We have 4 clients who have this exact same format, so it's not just someone in their offices being creative. I suspect there is some small-medical-office software that produces this Excel report. It's possible they have some options when printing it, but most of our small-medical-office clients are unsophisticated in their computer usage. (They do, however, make up for it with their kindliness, for the most part.)
External lookup is a good idea. I haven't done that with Monarch yet. Something like looking for towns that start with New or Mount or Saint, etc., and streets that end in Street, Drive, Road, etc., and I guess default to a one-word city when in doubt. The Zip will get the mail delivered, so perfection isn't necessary.
I will work on a string of functions when I get the time (if that ever happens!) In the meantime, our data entry people will just have to do it.
Thanks for your help in thinking about this problem.
Just thinking aloud here ...
It may be that you could provide a list in, say, Excel form where the address block has done what it can resulting in possibly some OK records and others with error flags provided by the address block functionality.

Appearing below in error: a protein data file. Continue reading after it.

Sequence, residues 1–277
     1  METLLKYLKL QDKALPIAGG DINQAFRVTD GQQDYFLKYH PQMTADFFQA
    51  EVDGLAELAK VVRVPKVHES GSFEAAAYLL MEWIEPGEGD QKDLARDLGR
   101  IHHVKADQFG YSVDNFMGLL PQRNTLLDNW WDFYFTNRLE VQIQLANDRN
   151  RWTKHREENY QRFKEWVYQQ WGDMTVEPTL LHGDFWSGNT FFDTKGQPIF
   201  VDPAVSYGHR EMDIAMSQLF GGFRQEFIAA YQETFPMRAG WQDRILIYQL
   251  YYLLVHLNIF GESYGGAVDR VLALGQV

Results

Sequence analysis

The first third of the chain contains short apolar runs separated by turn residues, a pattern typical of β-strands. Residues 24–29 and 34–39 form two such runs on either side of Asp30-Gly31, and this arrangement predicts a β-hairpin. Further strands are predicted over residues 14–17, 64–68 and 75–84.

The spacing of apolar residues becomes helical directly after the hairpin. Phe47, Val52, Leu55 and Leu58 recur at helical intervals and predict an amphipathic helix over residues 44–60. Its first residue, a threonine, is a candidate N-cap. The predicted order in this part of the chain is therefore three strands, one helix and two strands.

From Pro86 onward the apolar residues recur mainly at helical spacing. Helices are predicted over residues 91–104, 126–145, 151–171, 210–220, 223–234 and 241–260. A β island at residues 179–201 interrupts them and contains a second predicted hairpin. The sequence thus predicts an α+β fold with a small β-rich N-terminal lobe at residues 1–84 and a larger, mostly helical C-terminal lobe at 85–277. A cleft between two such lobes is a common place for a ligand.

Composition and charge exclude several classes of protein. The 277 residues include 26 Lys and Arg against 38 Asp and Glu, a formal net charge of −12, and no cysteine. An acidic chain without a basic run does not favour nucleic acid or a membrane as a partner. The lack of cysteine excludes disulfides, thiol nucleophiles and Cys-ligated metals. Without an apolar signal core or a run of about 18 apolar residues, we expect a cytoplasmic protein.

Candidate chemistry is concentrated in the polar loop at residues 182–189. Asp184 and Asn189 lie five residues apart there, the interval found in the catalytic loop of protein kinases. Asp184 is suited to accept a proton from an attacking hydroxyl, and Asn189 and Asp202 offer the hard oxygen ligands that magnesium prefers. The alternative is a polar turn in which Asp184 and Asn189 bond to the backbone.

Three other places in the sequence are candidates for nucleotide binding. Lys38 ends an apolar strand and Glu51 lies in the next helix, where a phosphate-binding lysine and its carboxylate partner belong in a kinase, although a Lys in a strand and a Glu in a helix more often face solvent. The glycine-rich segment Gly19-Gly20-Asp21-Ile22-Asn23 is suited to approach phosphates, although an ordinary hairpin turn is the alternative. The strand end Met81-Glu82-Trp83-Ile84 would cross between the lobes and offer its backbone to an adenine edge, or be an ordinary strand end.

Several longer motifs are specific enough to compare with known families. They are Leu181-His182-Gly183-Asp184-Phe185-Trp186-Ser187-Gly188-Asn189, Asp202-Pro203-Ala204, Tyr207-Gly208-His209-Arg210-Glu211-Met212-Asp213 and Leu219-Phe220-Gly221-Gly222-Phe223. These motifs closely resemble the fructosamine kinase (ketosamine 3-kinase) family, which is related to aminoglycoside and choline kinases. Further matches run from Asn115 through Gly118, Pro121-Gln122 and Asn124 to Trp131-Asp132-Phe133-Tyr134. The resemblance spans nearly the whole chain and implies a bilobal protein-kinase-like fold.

As you know Street, Drive, Road, etc., are useful ways to strip off the front part of the address when they are present. State and Zip will be off the back end. So you could provide a field which just needs the split point identifying by manual changes - even just entering the punctuation perhaps - and then re-present that to Monarch (or maybe even leave it in Excel) for the final stage of automation.
I get the impression that the volume of records with the problem is not enormous so at some point comes the decision about how far to take the development.
In fact if only a small number of sources are involved that may limit the extent of possible variations for the address cities and towns anyway? Which observation, if real, could make the lookup table option, possibly setup using the source to limit the matching whether by program or within Monarch, relatively viable compared to a national identification need.
But I am guessing.
In the end someone is going to have to review the flagged errors so doing much more than highlighting them may be overkill.